resume with the visit during which the qualified therapist completed the late
reassessment, not the visit after the therapist completed the late
multiple therapy disciplines are involved, if the required reassessment visit
was missed for any one of the therapy disciplines for which therapy services
were being provided, therapy coverage would cease only for that particular
cases where the patient is receiving more than one type of therapy, qualified
therapists must complete their reassessment visits during the 11th, 12th, or
13th visit for the required 13th visit reassessment and the 17th, 18th, or 19th
visit for the required 19th visit reassessment. However, CMS also states in
instances in which patients receive more than one type of therapy, if the
frequency of a particular discipline, as ordered by a physician, does not make
it feasible for the reassessment to occur during the specified timeframes
without providing an extra unnecessary visit or delaying a visit, then it will
still be acceptable for the qualified therapist from each discipline to provide
all of the therapy and functionally reassess the patient during the visit
associated with that discipline that is scheduled to occur closest to the 14th
Medicare-covered therapy visit, but no later than the 13th Medicare-covered therapy
visit. Likewise, a qualified therapist from each discipline must provide all of
the therapy and functionally reassess the patient during the visit associated
with that discipline that is scheduled to occur closest to the 20th
Medicare-covered therapy visit, but no later than the 19th Medicare-covered
working with CMS to address issues that may arise regarding implementation of
comprehensive summary of the final rule, visit APTA's website. E-mail email@example.com with questions regarding
implementation of the 2013 functional reassessment requirement changes.
Monday, AARP featured a guest blog post by APTA President Paul A. Rockar Jr, PT, DPT, MS, on its personal health blog. Rockar explains how APTA's Fit After 50 campaign aims to educate people
aged 50 and older about the importance of staying fit and active and discusses
the role that physical therapists play in restoring and improving motion in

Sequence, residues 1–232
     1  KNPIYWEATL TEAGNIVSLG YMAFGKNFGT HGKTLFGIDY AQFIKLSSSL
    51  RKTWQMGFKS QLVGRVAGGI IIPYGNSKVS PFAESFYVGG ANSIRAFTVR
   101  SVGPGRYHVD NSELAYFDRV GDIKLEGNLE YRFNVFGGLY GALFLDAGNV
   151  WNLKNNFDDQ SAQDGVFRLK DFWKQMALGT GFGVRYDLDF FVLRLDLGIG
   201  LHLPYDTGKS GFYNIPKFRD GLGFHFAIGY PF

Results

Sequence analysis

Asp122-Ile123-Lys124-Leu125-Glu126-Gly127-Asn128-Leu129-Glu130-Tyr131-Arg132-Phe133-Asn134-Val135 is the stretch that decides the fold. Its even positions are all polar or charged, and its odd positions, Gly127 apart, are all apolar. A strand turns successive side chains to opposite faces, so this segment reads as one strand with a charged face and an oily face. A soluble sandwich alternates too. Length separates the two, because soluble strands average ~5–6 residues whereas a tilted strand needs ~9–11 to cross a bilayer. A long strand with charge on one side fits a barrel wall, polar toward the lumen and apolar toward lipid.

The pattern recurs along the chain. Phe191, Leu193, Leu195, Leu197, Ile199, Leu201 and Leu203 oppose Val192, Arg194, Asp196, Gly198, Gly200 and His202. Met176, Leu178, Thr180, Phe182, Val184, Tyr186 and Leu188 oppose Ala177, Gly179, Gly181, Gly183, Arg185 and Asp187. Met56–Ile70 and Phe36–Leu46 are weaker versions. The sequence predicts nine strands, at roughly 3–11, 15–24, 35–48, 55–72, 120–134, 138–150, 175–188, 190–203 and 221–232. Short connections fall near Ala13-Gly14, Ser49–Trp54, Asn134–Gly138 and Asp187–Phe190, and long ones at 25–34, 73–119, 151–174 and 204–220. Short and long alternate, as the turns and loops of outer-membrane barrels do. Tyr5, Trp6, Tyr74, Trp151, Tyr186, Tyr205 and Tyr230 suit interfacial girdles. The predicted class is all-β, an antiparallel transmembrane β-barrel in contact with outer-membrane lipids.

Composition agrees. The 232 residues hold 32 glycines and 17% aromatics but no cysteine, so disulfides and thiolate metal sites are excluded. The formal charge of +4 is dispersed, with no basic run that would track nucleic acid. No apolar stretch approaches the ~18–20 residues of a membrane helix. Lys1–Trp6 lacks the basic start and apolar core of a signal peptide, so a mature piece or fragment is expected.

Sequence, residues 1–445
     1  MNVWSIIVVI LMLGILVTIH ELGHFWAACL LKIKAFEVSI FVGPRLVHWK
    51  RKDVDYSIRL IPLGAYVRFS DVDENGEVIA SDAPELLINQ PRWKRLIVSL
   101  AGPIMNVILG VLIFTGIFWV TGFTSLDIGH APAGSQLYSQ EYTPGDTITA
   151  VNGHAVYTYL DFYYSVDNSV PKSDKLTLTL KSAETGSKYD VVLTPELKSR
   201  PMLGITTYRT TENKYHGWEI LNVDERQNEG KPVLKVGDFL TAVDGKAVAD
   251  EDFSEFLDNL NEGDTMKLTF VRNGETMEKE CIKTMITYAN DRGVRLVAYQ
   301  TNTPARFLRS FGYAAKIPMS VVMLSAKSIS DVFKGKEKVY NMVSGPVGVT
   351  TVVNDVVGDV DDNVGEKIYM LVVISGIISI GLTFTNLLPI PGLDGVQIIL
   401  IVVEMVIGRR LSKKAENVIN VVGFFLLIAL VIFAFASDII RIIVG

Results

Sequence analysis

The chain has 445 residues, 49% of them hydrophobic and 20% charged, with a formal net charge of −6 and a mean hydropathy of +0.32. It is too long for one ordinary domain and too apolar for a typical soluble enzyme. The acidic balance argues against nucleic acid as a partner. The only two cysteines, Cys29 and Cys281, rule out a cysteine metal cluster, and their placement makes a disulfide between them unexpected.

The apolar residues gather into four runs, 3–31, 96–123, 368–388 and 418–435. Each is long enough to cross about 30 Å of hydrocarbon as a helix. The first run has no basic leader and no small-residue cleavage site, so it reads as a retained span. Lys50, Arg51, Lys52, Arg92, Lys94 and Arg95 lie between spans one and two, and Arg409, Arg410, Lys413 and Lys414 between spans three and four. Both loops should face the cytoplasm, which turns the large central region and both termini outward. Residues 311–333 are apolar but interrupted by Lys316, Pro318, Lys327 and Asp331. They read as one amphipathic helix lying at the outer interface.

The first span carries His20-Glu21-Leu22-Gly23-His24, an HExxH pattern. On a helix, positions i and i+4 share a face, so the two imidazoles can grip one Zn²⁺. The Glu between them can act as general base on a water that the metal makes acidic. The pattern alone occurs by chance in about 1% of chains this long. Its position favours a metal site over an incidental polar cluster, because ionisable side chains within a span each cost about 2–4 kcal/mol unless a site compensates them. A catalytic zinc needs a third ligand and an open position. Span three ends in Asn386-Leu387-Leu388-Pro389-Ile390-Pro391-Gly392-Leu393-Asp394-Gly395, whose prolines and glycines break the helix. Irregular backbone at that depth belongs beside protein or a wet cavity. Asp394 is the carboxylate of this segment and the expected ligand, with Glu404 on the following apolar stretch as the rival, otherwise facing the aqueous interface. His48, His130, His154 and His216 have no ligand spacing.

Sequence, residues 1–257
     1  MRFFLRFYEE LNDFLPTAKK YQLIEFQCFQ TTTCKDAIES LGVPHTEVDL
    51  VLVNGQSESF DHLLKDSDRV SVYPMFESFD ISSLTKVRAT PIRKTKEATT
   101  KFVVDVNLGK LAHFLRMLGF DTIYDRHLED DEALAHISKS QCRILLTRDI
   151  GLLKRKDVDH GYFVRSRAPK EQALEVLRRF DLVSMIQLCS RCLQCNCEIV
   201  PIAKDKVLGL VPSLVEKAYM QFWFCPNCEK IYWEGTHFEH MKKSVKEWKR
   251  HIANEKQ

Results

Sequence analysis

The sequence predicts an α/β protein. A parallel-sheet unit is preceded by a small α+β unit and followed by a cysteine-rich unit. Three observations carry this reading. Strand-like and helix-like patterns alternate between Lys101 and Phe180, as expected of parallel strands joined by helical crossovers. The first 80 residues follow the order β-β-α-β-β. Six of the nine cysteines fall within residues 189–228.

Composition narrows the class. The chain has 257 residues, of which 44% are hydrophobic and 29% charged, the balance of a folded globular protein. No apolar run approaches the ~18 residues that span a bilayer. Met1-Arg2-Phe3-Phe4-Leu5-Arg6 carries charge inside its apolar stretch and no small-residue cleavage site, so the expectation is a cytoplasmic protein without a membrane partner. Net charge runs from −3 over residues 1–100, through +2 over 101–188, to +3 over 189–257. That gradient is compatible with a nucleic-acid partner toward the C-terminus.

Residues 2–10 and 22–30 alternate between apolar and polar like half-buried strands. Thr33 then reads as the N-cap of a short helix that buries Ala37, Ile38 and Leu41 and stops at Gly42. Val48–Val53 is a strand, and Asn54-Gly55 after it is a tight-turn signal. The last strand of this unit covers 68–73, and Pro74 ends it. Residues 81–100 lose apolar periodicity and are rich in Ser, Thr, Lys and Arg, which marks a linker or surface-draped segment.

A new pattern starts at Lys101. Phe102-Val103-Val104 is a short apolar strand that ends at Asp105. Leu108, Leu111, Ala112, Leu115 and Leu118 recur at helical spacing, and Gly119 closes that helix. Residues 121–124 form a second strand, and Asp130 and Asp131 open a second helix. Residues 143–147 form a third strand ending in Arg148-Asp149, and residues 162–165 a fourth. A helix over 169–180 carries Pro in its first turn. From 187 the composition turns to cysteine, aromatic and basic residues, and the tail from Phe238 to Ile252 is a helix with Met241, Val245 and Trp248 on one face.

people's lives at any age.
Office of Civil Rights released guidance Monday regarding methods for
de-identification of protected health information (PHI) in accordance with the
HIPAA Privacy Rule. This guidance is intended to assist covered
entities understand what is
de-identification, the general process by which de-identified information is
created, and the options available for performing de-identification.
guidance, posted on the Department of Health and Human Services' website, explains the 2 methods that can
be used to satisfy the Privacy Rule's de-identification standard—Expert
Determination and Safe Harbor—using a question-and-answer format and provides a
glossary of terms related to de-identification.
Health Information Technology (HIT) webpage provides resources and updates
on HIT program development and legislation, in addition to APTA's efforts with
federal policymakers to educate them as to the importance of including physical
therapists in HIT initiatives moving forward.
Visualizing Health Policy, JAMA's monthly infographic series created by the Kaiser Family
Foundation (KFF), takes a look at Medicare: who is covered by the program; what
proportion of Medicare beneficiaries use at least 1 medical service in a year;
how health care spending per person is growing more slowly for Medicare than
for private insurance; and how rising health care costs and a growing
population pose fiscal challenges to keeping Medicare solvent in the years
infographics are available on KFF's website.
members have just 3 more days to submit nominations to the Fit After 50 Member Challenge.
If you know a physical therapist or physical therapist assistant (must be an
APTA member; it can be you) who is age 50 or older, fit, and encourages others
to be active and fit, complete the brief online nomination form and
submit it by November 30.
who found that the combination of statin treatment and increased fitness boosts
survival in patients with dyslipidemia are calling for the medical profession,
society, and governments to make concerted efforts to promote fitness, says a Heartwire article.
Following a group of veterans with dyslipidemia for an
average of 10 years, Peter F. Kokkinos,
PhD, and colleagues show that both statin therapy and increased fitness
lower mortality significantly and independently of other clinical
Participants in the study were assigned to 1 of 4
fitness categories based on peak metabolic equivalents achieved during exercise
testing and 8 categories based on fitness status and statin treatment. The
primary end point was all-cause mortality adjusted for age, body-mass index,
ethnic origin, sex, history of cardiovascular disease, cardiovascular drugs,
and cardiovascular risk factors. Researchers ascertained mortality from Veterans
Affairs records on December 31, 2011.
During a median follow-up of 10 years, 2,318
participants died. Mortality risk was 18.5% (935/5,046) in people taking
statins vs 27.7% (1,386/4,997) in those not taking statins.
In patients who took statins, risk of death decreased
as fitness increased; for highly fit individuals the hazard ratio (HR) was 0.30
compared with a HR of 1 for the least fit.
For patients not treated with statins, the HR for least
fit participants was 1.35. This HR progressively decreased to 0.53 for those in
the highest fitness category compared with the least-fit group treated with
study is published online in The
Lancet. In an accompanying editorial, Pedro C Hallal PhD, and I-Min
Lee, MD, MPH, ScD, say that Kokkinos and colleagues "add to the large body
of work on the benefits of physical activity or fitness for health.
Irrespective of whether patients were prescribed statins, the physically
fittest participants had a 60% to 70% reduction in all-cause mortality rates
during follow-up, compared with the least fit."